Anonymous Coward | more than 2 years ago | (#40209675)

Or better yet, give smart kids a full course of education that's at an appropriate level for their abilities!

Re:Lots of people could do this (1)

tepples (727027) | more than 2 years ago | (#40209715)

But in order to do provide an appropriate education, wouldn't the state have to steal more of your money through its department of revenue?

Re:Lots of people could do this (4, Insightful)

green1 (322787) | more than 2 years ago | (#40209737)

This always struck me as odd. When I was in school it always felt to me like I could finish all the learning for each year in a couple of months if only I was allowed to do so. But instead I had to sit there while the teacher went over each thing a dozen times, and then reviewed it a dozen more. And you couldn't read ahead because you'd be told that the class hadn't got there yet. One of my friends in grade 7 gave up and taught himself calculus during math class, the teacher didn't dare stop him, but neither did he allow him to complete a single assignment or test before the requisite time, nor could he advance to the next grade early (despite the fact that he was already working himself 5-6 grades ahead of the class)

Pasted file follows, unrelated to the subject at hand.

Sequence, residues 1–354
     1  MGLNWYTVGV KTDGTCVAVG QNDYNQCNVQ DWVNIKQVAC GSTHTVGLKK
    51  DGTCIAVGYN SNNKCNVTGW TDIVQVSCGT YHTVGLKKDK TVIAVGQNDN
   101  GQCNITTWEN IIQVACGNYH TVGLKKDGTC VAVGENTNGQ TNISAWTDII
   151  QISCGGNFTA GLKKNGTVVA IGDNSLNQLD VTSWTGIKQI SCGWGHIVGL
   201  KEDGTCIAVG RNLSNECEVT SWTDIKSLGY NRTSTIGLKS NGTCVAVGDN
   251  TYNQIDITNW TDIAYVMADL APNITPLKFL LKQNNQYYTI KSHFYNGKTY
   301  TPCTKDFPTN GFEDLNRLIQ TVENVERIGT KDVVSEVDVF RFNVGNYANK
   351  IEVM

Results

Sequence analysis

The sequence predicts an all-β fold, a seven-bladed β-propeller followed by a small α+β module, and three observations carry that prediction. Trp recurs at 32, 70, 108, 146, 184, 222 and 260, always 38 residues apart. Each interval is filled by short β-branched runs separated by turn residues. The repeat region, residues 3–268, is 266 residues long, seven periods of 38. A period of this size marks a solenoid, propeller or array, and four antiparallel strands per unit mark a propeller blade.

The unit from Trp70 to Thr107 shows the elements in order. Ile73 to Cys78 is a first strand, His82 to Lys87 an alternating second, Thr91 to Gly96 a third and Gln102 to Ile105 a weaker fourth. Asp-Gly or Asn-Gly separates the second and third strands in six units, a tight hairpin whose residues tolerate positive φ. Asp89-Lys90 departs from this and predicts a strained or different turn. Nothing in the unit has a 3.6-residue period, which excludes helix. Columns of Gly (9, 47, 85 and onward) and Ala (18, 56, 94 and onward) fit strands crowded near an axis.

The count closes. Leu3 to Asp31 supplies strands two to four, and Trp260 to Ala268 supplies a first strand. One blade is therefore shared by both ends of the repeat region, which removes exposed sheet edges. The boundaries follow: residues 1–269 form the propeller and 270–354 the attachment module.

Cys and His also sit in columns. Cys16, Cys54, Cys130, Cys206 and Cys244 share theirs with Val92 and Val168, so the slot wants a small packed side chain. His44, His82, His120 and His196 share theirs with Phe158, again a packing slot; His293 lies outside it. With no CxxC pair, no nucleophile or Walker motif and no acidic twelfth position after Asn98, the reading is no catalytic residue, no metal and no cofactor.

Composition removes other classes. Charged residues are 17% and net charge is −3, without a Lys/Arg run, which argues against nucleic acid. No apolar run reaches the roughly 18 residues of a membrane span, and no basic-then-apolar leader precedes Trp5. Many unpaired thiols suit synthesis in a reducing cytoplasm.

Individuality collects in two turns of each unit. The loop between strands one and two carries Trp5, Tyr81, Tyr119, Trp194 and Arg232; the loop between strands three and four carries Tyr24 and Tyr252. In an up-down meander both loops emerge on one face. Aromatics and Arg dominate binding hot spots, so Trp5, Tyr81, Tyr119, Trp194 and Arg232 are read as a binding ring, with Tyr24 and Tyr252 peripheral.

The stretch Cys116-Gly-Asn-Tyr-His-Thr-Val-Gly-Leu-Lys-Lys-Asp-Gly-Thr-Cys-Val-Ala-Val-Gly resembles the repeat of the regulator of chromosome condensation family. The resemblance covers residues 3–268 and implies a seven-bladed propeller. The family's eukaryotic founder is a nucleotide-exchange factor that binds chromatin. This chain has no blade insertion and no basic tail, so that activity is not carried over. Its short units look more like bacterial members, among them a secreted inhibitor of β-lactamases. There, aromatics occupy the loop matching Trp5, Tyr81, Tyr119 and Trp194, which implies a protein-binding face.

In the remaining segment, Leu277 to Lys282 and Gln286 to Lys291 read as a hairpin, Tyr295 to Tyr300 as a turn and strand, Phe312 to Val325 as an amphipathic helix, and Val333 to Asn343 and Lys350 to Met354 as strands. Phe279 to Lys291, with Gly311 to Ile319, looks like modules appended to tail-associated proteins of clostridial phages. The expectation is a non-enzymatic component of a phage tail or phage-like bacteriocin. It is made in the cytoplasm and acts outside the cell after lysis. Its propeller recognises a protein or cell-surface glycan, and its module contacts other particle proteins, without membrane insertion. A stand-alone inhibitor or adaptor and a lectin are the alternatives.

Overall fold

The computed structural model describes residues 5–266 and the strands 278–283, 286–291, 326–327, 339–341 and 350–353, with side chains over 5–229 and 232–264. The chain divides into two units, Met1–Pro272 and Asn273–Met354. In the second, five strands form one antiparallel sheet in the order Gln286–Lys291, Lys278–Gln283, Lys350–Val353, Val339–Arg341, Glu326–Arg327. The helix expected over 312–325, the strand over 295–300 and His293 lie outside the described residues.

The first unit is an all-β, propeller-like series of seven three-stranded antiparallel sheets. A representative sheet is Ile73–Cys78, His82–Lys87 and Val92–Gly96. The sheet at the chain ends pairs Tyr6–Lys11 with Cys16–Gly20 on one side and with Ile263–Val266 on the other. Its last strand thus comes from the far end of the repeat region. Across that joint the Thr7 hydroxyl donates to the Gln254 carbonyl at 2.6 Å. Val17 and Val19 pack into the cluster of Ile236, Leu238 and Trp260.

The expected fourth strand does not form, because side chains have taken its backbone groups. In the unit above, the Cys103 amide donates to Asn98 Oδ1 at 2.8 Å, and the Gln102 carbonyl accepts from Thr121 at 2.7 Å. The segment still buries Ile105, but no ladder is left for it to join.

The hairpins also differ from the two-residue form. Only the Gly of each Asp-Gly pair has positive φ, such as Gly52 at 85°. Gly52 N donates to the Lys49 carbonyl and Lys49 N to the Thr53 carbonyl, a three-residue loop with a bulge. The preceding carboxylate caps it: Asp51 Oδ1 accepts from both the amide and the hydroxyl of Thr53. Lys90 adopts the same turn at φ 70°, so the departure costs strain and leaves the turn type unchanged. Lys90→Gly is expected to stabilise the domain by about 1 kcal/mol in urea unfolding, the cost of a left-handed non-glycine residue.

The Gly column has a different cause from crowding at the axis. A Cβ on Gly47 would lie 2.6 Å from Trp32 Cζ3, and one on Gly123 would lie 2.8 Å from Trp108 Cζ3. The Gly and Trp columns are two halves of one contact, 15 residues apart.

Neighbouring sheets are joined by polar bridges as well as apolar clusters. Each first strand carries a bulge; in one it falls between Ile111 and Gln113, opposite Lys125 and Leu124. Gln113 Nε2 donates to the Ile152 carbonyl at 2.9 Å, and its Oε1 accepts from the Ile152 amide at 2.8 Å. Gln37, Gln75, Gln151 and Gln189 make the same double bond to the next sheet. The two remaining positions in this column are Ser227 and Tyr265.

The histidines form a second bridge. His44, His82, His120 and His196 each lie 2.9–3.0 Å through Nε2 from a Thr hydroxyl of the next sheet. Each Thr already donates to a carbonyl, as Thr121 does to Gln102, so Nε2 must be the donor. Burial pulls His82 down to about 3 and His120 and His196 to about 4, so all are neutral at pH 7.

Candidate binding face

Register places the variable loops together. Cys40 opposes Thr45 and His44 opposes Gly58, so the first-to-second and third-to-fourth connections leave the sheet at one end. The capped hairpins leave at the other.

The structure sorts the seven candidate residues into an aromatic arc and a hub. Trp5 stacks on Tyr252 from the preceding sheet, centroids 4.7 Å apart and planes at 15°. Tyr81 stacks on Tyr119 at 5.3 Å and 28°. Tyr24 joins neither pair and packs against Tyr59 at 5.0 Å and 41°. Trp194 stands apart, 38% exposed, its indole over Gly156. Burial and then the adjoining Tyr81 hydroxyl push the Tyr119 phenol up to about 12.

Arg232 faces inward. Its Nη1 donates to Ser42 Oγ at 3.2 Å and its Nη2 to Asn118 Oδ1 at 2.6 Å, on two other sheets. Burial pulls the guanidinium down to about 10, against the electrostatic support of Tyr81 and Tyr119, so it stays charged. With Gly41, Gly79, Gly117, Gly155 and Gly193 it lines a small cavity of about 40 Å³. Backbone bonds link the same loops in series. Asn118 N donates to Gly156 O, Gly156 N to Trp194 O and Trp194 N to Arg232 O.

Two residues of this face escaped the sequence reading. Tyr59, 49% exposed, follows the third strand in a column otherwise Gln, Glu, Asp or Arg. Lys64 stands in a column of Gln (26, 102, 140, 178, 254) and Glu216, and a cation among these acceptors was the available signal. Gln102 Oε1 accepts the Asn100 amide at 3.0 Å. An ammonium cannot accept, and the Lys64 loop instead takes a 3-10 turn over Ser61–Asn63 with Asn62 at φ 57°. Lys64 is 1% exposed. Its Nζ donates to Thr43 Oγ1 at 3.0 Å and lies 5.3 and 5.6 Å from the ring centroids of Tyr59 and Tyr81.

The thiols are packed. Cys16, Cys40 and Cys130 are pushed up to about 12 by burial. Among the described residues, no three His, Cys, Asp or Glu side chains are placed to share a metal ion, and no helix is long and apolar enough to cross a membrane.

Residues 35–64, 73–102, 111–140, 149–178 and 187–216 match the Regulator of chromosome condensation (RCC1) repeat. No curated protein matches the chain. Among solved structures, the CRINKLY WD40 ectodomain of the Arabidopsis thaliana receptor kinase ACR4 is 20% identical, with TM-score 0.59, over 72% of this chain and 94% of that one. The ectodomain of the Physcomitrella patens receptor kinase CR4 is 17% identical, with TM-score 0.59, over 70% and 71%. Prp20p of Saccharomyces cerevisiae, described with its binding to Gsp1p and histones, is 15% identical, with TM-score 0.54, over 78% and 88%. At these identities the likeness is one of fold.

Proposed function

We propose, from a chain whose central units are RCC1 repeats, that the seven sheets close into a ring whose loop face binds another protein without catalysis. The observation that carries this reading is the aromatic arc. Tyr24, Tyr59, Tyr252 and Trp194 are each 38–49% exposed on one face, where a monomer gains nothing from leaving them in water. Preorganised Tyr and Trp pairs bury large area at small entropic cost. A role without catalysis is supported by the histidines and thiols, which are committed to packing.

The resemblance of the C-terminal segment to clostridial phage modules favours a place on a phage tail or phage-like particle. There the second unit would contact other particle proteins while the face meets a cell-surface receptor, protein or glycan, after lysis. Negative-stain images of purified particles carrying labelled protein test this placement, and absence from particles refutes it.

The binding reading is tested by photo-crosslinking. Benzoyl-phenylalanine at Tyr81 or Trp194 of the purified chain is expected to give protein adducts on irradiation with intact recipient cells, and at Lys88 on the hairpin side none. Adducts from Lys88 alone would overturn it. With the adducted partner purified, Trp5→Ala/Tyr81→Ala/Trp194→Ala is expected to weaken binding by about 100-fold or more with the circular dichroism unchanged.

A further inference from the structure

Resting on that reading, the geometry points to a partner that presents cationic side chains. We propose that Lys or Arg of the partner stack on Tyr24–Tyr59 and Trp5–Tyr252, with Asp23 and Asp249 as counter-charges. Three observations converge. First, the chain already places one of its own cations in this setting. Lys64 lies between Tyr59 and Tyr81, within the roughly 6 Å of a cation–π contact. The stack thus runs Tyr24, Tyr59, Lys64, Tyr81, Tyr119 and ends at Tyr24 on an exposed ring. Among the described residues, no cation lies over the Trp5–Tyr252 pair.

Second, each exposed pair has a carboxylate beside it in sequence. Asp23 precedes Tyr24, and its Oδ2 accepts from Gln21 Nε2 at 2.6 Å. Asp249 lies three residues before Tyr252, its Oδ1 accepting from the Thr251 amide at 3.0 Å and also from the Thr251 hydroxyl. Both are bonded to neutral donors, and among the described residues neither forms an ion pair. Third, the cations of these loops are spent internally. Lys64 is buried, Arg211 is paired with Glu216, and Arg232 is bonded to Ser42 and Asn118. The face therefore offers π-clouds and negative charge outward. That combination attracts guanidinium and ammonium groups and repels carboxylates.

And yet despite this you see stories like this from time to time where someone manages, despite the system, to come out ahead. Personally I want to know how they managed to get through the school system before the age of 18. The system which seems designed more to keep young people off the streets than it is to educate them.

Re:Lots of people could do this (0)

CastrTroy (595695) | more than 2 years ago | (#40209815)